10’s new property show not just for Instagram stars and carpenters

• Network 10 EP Sarah Thornton on making Changing Rooms

For many Australians who have been watching TV for at least a couple of decades, memories are still strong of the Nine Network’s version of Changing Rooms. Among that audience is Network’s 10’s executive producer on its version of the format, Sarah Thornton.

“I had watched it a lot as a viewer and I feel like I grew up with Changing Rooms in Australia,” Thornton told Mediaweek. “When I moved to the UK 15 years ago the UK version was still on air there and I watched it fairly religiously.

I love property porn and the show is right up my alley.

Sarah Thornton

“What I love about it is that it combines property with genuine insights into peoples homes and lives, with humour.”

Network 10’s production partner in Changing Rooms is Endemol Shine, the production house Thornton also works with for Ambulance.

Lara Hopkins, the Changing Rooms showrunner, and Peter Newman [Endemol Shine chief content officer], have both been all over it.

“The commission was a very quick commission. Between us all we knew we wanted to stay faithful to the show and yet move it on because it was a long time ago since it was on air and television has changed significantly.”

Thornton said 10 and Endemol Shine turned the show around very quickly. “Endemol Shine has created a great homage to the best of the original with a real contemporary feel. That is a combination of new talent and the way we know make television – with back stories and beautifully shot before and after segments.

“The contestants have been cast carefully. It is a lot harder to make TV in a world where the people you are casting are very familiar with what happens on television. The viewers are also more savvy and have more requirements about what the show has to do.

The bar was set very high for Endemol Shine and they have done a great job.

The discussion around securing Natalie Bassingthwaighte as host came after 10 commissioned the show, but pretty quickly after, said Thornton.

“We all agreed instantly she was the right person to front the show. For me as an EP that was the moment I started to visual the program as it felt fresh, modern and exciting.

“She brings a real energy to the format.”

See also: Podcast: Natalie Bassingthwaighte on Changing Rooms

Recording artist, actress and TV personality Natalie Bassingthwaighte joins the Mediaweek podcast.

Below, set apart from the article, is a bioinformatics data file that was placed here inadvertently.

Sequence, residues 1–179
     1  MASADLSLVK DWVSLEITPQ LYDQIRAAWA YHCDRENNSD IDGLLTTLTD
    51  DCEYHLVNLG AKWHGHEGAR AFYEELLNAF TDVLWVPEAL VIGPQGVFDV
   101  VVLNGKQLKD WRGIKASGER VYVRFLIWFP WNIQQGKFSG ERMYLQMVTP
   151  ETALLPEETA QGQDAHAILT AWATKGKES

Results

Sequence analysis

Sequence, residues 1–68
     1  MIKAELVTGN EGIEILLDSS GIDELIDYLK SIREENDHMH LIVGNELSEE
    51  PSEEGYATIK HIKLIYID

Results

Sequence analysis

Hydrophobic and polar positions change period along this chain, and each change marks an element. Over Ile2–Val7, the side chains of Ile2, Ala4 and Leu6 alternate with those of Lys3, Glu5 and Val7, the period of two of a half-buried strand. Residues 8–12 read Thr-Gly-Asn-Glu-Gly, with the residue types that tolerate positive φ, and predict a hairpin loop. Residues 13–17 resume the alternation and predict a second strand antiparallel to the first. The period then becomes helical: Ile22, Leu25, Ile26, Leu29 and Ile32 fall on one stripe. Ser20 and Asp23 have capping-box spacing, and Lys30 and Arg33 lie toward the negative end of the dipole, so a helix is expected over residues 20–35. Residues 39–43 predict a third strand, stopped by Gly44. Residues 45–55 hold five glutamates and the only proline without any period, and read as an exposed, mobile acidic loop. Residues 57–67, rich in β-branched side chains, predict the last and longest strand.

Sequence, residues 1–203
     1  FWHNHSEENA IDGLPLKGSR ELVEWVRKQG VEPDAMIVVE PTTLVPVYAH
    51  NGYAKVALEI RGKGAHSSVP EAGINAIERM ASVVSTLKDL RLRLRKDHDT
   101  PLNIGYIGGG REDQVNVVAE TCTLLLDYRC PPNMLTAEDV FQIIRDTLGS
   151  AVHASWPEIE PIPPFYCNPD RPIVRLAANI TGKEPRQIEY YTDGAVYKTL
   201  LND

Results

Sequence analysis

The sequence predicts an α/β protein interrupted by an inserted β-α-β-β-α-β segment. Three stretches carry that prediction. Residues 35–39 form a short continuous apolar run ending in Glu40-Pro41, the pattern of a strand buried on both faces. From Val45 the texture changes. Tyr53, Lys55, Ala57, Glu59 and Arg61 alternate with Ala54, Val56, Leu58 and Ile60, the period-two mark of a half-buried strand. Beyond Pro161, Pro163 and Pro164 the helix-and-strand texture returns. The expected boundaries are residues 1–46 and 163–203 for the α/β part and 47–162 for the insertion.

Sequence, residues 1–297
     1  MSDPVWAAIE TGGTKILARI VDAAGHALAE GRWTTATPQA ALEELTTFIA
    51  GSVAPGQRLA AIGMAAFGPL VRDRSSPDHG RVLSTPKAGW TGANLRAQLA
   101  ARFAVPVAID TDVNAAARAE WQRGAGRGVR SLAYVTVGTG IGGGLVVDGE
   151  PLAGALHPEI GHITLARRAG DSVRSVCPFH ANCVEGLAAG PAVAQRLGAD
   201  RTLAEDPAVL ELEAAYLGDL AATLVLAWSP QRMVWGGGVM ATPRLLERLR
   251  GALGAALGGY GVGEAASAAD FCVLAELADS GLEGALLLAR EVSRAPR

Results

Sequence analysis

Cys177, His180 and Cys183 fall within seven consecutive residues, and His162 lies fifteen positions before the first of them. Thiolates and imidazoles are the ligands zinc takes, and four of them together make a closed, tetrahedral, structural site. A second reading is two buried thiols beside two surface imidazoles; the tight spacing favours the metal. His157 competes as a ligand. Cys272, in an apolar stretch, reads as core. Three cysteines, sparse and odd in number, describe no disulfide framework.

Endemol Shine has filmed all the series and about half of the episodes have ben delivered as the series launches this week.

10 is giving the couples $20,000 to renovate their rooms, much more than the initial series of course, but smallish perhaps for people who set about renovating their own properties.

Thornton realised this show needed to be different: “One of the things that was important was to make a show that felt distinct from the other renovation shows on air currently. Part of that for me is about it being relatable. I sometimes feel that when I watch renovation shows in Australia that if you are not an Instagram model married to a carpenter then you don’t qualify.

“Watching at home I realise I can’t do what people [on those other shows] do, but I still want to feel like I can make difference to my own home.

“In some ways we were casting for an anti-DIY show and we didn’t want everyone to be an expert. The people we like are people who don’t know what to do with their homes. They can then learn from it as the viewer does.

“The other thing that we tried to do was set a realistic budget that people could afford. We wanted to set an amount that they could still get a great result from, but one that won’t feel out of reach to the average household.

The $20,000 is to be used across three rooms, but is for materials only. We didn’t get things for free. The designers had to stick to those budgets for materials. We are very transparent about that and list what was spent for what. A lot of the show is repurposing what people have. The designers are super clever about using the builders and the couples to make furniture.

The show is about renovating to live. Most of the other shows are about renovating to sell. That then characterises what you do with a space. Changing Rooms is about reflecting peoples’ personality and lifestyle. It is all about bringing colour back to Australia.

“There are no whites, beiges and neutrals. It is about learning how to express yourself and not be scared about design and colour.”

Thornton said the designers have really put their heart and soul into the renovations and there are definitely some memorable design moments. “People will love the designers and they do a fantastic job. A lot of the time when it feels someone is going to hate a room they actually love it. They can walk into the room and say that is exactly the room I didn’t imagine I was going to have, but I love it.

“That is when Changing Rooms has done its job – when the contestants get something they didn’t expect but it is totally transforming for them in terms of the way they live in their home.”

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